By Jessica Toonkel
(Reuters) - Viacom Inc <VIAB.O> Chief Executive Bob Bakish and CBS Corp <CBS.N> CEO Leslie Moonves have had an exploratory discussion about merging the two companies, sources familiar with the situation told Reuters on Thursday.
The discussion signifies a potential first step toward a recombination of CBS and Viacom. The boards of both companies have regularly scheduled meetings in the next couple of weeks and are expected to discuss the potential merger, the sources said.
The discussion, which took place earlier this month, was preliminary and no decisions have been made, but signals that Moonves, who has had reservations about a potential deal between the companies, could be more open to the idea.
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The sources wished to remain anonymous because they are not permitted to speak to the media. Viacom and CBS declined to comment. A spokeswoman for Shari Redstone did not immediately return calls for comment.
Viacom shares were last up 1.8 percent in afternoon trade. CBS shares were up 0.5 percent.
Shari Redstone and Sumner Redstone, her ailing 94-year-old father, together control both CBS and Viacom through their privately owned movie theater company, National Amusements Inc.
The Redstones failed in an attempt to merge the companies in 2016, due to concerns by CBS' directors and Moonves over the financial sense for CBS shareholders and governance issues.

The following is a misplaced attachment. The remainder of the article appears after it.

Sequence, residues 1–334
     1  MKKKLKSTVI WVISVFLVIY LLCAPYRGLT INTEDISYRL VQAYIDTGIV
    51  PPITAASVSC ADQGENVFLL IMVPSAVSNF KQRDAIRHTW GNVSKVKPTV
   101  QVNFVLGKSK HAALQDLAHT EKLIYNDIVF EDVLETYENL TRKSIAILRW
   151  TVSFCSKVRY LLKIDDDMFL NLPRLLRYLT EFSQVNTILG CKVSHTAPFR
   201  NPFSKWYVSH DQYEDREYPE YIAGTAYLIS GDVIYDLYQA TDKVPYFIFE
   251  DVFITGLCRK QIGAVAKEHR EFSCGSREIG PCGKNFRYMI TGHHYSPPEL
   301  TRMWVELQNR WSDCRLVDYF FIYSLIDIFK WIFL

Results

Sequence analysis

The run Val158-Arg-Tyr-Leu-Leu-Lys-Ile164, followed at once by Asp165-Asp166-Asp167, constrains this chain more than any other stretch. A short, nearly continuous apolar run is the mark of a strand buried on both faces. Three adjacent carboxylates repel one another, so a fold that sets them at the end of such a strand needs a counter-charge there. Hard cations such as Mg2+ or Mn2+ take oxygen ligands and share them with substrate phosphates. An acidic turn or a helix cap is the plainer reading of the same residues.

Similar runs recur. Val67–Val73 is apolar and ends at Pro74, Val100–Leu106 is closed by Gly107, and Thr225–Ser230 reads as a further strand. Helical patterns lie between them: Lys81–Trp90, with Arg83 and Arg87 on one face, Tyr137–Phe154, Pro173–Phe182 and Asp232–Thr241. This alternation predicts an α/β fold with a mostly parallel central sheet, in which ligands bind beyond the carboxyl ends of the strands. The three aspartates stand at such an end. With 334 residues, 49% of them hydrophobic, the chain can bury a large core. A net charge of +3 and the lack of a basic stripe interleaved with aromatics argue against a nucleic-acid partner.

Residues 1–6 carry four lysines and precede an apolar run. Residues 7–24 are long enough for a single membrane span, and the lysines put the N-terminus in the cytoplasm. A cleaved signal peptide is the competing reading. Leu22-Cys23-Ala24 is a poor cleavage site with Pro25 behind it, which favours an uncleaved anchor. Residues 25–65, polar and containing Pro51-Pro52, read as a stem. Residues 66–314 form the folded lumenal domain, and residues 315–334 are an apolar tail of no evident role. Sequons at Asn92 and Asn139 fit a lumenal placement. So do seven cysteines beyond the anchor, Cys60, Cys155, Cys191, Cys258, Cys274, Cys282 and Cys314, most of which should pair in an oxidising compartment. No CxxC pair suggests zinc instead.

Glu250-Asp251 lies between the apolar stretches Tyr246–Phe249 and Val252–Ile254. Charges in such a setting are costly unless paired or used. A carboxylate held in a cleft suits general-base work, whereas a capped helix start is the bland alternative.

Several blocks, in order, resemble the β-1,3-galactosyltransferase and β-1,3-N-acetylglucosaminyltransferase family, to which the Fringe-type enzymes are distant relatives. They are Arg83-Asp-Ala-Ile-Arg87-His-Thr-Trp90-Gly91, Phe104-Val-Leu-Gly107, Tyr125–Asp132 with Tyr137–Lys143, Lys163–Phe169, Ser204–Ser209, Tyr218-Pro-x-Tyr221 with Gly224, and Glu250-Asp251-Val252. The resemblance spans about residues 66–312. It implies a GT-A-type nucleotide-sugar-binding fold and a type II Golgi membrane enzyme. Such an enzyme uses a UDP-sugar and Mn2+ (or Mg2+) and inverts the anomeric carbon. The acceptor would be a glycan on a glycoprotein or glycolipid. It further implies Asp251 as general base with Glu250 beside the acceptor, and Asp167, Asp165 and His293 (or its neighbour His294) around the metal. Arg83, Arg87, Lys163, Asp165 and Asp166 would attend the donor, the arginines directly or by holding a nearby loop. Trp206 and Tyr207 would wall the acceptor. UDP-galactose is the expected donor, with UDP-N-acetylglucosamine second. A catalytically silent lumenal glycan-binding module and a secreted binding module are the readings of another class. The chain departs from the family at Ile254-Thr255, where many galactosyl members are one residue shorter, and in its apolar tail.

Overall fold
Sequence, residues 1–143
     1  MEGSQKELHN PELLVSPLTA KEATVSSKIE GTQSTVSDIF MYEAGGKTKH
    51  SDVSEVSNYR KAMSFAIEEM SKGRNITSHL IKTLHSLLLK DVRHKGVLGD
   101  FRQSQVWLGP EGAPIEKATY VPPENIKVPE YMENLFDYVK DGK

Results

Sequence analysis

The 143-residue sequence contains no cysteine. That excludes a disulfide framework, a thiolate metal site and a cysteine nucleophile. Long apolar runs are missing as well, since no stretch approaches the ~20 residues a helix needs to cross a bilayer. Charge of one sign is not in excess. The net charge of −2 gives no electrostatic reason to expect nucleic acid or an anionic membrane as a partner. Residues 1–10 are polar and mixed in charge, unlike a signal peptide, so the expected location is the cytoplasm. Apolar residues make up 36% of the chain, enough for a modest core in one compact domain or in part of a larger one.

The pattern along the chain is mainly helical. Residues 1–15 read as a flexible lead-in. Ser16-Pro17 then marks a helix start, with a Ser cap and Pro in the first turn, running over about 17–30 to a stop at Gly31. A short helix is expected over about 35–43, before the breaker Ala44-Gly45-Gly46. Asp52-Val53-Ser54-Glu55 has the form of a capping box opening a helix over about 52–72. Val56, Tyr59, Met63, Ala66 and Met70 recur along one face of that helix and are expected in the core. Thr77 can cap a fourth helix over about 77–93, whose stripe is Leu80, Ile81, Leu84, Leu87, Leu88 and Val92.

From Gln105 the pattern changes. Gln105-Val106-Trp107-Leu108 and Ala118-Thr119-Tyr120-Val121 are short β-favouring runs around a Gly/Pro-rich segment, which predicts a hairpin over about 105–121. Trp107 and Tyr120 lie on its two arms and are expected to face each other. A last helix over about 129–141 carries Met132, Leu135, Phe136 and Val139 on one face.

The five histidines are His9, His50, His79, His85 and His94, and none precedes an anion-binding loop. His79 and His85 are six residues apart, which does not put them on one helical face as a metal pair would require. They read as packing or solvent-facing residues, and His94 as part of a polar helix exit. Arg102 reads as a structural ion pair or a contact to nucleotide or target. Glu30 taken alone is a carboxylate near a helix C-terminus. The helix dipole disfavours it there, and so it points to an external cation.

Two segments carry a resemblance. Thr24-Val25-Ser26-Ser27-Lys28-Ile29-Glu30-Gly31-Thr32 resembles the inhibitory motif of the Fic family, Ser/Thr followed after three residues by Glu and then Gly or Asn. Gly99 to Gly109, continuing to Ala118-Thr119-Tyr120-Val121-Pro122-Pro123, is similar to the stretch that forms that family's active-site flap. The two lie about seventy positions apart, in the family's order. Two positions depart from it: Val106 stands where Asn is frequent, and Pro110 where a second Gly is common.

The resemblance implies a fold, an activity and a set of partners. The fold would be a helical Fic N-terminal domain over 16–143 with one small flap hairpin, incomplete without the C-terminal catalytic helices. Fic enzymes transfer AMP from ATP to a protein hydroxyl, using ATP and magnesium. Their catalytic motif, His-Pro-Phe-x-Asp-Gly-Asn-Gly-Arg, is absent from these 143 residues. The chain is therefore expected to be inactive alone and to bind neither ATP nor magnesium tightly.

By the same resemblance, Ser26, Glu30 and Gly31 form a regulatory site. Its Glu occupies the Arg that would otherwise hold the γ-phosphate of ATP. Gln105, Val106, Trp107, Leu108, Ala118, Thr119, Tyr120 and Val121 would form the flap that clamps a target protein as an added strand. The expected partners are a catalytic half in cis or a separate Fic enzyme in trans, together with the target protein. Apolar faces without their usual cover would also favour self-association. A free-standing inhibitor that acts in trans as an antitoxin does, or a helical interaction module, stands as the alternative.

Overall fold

However, Shari Redstone has continued to discuss with executives at both companies her desire to merge the two, which has gained steam since Walt Disney Co <DIS.N> announced in December it would acquire a majority of Twenty-First Century Fox Inc's <FOXA.O> assets, sources have told Reuters.
A combined CBS, which owns cable networks including Showtime as well as the CBS TV Network and CBS TV Studios, and Viacom, whose businesses include Paramount Pictures, Nickelodeon and MTV, would have more negotiating leverage with cable and satellite companies.
Bakish is expected to have a senior role at the combined company if a merger does go through, sources said.
Since he took over Viacom in late 2016, Bakish, 54, has improved relations with distributors, found financing for Paramount Pictures after Chinese investors dropped out and shuffled programming.
Even so, Viacom's stock has been trading around $33 a share, below the $35 to $38.80 range it was trading at when it and CBS explored a merger in late 2016.
(Reporting By Jessica Toonkel in New York; Editing by Meredith Mazzilli)